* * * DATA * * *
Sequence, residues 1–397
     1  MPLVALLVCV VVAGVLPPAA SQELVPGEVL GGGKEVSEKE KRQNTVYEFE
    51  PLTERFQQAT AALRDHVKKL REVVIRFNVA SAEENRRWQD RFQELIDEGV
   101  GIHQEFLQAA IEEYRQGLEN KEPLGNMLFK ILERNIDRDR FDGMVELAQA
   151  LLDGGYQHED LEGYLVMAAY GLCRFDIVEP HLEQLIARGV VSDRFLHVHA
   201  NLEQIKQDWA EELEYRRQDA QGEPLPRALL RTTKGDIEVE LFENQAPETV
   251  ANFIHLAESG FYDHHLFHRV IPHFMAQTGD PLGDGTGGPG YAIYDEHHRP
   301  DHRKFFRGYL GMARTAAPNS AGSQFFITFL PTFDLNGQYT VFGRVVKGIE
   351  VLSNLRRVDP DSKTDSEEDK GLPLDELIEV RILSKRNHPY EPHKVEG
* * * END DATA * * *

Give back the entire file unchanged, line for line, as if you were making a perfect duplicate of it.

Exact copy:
Sequence, residues 1–397
     1  MPLVALLVCV VVAGVLPPAA SQELVPGEVL GGGKEVSEKE KRQNTVYEFE
    51  PLTERFQQAT AALRDHVKKL REVVIRFNVA SAEENRRWQD RFQELIDEGV
   101  GIHQEFLQAA IEEYRQGLEN KEPLGNMLFK ILERNIDRDR FDGMVELAQA
   151  LLDGGYQHED LEGYLVMAAY GLCRFDIVEP HLEQLIARGV VSDRFLHVHA
   201  NLEQIKQDWA EELEYRRQDA QGEPLPRALL RTTKGDIEVE LFENQAPETV
   251  ANFIHLAESG FYDHHLFHRV IPHFMAQTGD PLGDGTGGPG YAIYDEHHRP
   301  DHRKFFRGYL GMARTAAPNS AGSQFFITFL PTFDLNGQYT VFGRVVKGIE
   351  VLSNLRRVDP DSKTDSEEDK GLPLDELIEV RILSKRNHPY EPHKVEG